# Eli5: What does the frequency (Hz) have to do with electrical output? If the world has 50/60 Hz frequency for their outlets, what exactly does that mean/do? Is it as simple as if it goes below/exceeds the specified frequency it just gives/reduces power output or something different?

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Eli5: What does the frequency (Hz) have to do with electrical output? If the world has 50/60 Hz frequency for their outlets, what exactly does that mean/do? Is it as simple as if it goes below/exceeds the specified frequency it just gives/reduces power output or something different?

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The Hz tells you the frequency that the Alternating Current is alternating at. Think of DC current as a constant push, while AC current is going “push, pull, push, pull, etc.” very quickly. Something like an incandescent lightbulb probably doesn’t care too much what frequency current it’s getting, but something like your laptop has to convert that AC into DC for the computer to use. Feeding it the wrong frequency would likely break something very quickly.

Hertz is just a measure of how many times something happens per second. In the case of electricity, Hertz is referring to the amount of times every second that the current changes direction back and forth in an alternating current. eg. 50 Hz = 50 changes per second.

From my knowledge Alternating current is used because the alternative, Direct Current, doesn’t work in transformers which means the national grid can’t change the voltage of the power, so it’s inefficient due to the heat generated from cables at a high current.

Alternating current must be at specifically 50Hz or 60Hz, or whatever the standard is because appliances are made for specific Hz’ will often be damaged if the wrong Hertz is used.

Most of the power in the electrical lines is made by generators, which are big wheels being spun around, and as they spin, they use magnets to create electricity. Because of the spinning, this electricity also goes up and down, at a rate related to the speed of the turbine. If you were to put a voltmeter between the two sockets of your power outlet, you would see a wave that goes up and down 50 or 60 times a second (tip: don’t do this, it could be dangerous, especially in a country with 220V power).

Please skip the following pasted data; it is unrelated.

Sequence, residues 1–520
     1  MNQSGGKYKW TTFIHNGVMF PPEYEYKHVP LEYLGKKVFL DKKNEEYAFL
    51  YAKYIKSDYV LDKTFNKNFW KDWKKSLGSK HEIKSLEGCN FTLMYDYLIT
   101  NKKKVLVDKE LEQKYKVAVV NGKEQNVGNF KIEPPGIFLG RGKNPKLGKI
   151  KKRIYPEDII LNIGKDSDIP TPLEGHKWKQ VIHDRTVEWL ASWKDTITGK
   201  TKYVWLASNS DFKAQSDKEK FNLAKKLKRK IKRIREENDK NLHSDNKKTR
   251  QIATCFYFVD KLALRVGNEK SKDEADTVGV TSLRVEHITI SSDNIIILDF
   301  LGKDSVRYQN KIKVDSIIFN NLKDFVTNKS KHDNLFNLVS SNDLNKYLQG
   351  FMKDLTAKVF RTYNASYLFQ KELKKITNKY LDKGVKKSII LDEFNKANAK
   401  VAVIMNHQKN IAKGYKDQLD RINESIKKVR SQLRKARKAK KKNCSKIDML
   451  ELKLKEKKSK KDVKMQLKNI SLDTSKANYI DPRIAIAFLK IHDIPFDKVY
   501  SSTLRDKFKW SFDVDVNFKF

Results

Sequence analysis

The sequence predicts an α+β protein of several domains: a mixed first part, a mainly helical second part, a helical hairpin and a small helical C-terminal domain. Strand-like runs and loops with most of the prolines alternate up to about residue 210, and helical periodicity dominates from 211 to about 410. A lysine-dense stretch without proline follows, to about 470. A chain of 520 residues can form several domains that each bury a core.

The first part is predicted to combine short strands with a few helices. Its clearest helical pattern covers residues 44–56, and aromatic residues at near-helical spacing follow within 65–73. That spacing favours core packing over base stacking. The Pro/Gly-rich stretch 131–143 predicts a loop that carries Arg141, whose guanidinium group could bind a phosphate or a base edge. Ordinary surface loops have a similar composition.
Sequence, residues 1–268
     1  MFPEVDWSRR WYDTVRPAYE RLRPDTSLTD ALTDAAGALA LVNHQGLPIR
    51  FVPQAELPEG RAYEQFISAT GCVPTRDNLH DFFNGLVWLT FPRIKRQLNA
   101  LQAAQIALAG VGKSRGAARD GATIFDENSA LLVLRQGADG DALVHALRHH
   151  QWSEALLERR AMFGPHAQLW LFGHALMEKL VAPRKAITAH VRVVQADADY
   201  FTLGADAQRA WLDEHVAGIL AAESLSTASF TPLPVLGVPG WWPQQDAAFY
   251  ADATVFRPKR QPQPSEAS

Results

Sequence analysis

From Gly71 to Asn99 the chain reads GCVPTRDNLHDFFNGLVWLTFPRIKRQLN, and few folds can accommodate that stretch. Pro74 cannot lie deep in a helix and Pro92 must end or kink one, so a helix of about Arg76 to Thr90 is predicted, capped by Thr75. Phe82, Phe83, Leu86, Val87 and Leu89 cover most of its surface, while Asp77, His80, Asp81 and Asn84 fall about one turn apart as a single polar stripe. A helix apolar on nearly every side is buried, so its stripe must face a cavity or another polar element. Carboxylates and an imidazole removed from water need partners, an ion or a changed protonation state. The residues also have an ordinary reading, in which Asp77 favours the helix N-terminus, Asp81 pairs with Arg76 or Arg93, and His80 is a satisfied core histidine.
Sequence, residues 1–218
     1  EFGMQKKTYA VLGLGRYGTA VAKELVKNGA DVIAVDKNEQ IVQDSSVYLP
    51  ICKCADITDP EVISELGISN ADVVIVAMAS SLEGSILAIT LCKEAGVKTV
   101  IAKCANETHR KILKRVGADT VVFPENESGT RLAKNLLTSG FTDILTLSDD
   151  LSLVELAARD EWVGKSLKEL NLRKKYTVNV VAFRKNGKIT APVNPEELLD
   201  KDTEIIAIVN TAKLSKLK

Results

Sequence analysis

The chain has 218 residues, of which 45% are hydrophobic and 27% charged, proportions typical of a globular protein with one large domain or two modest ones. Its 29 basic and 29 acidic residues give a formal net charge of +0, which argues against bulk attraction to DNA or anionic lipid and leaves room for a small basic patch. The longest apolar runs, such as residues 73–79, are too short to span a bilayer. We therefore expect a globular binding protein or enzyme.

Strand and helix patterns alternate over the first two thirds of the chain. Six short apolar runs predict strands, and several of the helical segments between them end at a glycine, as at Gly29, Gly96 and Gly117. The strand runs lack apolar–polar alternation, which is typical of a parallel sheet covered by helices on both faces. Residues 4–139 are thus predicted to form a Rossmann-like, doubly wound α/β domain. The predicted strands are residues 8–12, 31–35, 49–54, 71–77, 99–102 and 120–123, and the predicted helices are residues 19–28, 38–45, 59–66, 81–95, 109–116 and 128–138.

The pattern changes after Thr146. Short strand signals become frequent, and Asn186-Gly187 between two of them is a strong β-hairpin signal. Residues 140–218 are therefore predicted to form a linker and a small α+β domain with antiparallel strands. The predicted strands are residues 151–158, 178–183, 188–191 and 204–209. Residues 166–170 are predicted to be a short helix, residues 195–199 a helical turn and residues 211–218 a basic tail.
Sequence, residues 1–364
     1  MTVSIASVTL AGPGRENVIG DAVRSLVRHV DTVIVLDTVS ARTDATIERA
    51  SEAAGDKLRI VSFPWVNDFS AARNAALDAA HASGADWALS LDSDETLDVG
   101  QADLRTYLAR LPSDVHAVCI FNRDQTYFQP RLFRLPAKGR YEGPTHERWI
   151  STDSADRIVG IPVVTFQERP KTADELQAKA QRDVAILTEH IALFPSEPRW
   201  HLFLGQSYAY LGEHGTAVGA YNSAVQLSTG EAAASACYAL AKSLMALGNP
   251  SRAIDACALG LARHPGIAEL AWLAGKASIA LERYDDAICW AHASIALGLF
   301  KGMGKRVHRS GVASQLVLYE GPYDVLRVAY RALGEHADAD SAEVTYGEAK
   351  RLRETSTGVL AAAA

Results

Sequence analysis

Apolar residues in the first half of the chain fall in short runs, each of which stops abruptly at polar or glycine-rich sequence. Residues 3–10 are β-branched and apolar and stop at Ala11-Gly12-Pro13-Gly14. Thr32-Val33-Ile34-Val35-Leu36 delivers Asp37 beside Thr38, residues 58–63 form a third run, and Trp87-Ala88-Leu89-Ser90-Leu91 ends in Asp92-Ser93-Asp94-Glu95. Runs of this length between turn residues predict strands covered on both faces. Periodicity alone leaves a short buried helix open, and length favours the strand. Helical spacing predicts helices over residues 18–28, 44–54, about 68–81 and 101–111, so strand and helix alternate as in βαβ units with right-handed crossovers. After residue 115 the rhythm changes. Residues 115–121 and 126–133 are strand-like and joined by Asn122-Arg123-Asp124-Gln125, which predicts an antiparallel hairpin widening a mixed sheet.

For the most part, this frequency doesn’t *do* anything, it’s just an property of the electricity.

If it were to go above or below the frequency, it **would** impart a slightly different amount of energy, but mostly what it would do is damage electronics. Most consumer electronics wouldn’t mind much (and you can see this is things like cell phone chargers that work at 50Hz **or** 60Hz, or light bulbs, or…), but all the transformers and stuff along the way carrying thousands of volts and thousands of amps are more finely tuned, and can take damage if the frequency drifts too much. High-power house appliances like washing machines and dryers could also be problematic.

Most power systems call for the frequency to be maintained to within 1% Hz – so from 49.5-50.5 Hz or 59.4-60.6 Hz. What precisely causes the frequency to drift is actually incredibly interesting and somewhat beyond ELI5 range, but basically, when there’s more demand than supply, the frequency goes down, and when there’s more supply than demand, it goes up – but it’s the difference in supply and demand that changes the frequency, not the frequency changing anything.

tl;dr if the frequency drifts too much, it can break stuff, but otherwise it’s mostly just a standard

Not that simple. There are basically two kinds of ways to supply electricity “Direct Current” which is just a constant flow of electricity, we’d get this from batteries. And “Alternating Current” which just sort of *shakes* electrons back and forth really quickly, this is what we get from our wall outlets. The frequency refers to how the electrons shake, back and forth 50-60 times per second.

In general Alternating Current is best for long distance power delivery which is why we use it in our homes and outlets. Direct current is great, but only good for small distances, like the batteries in your phone. Going from one to the other requires special electrical devices.

In terms of frequency it’s important for a few reasons – the two big ones

1. You can’t mix frequencies, you have to chose one and stick with it. In a sense choosing 60 hz is arbitrary, different countries use different standards.
2. It does affect how certain devices work, like electrical motors and lights and things, so while there are some benefits to choosing a specific frequency (it’s not completely arbitrary) but you’ll end up designing the devices to the standard. That makes changing the standard a pain in the tush, like the US going metric, it’s just not worth the hassle.

Fun Fact – you can *hear* the 60 hz frequency if you play guitar! Since guitar pick ups turn frequency into notes on the amplifier they will “hear” the 60 frequency as what they call the “60 cycle hum”. It’s that MMMMMMMMMM you hear when you plug a guitar in. In order to cancel that they developed a pick up that loops back against itself, sort of like doing a +60-60=0 thing. That pick up is called a “humbucker” for this reason, and it’s doesn’t have the hum.

Some devices have electrical motors that are designed for AC current, and they basically “expect” the power outlet to have the correct frequency too, not just the correct voltage and current. Clothes washer, dryer, dishwasher, etc, these would be examples where the motor is AC rather than DC.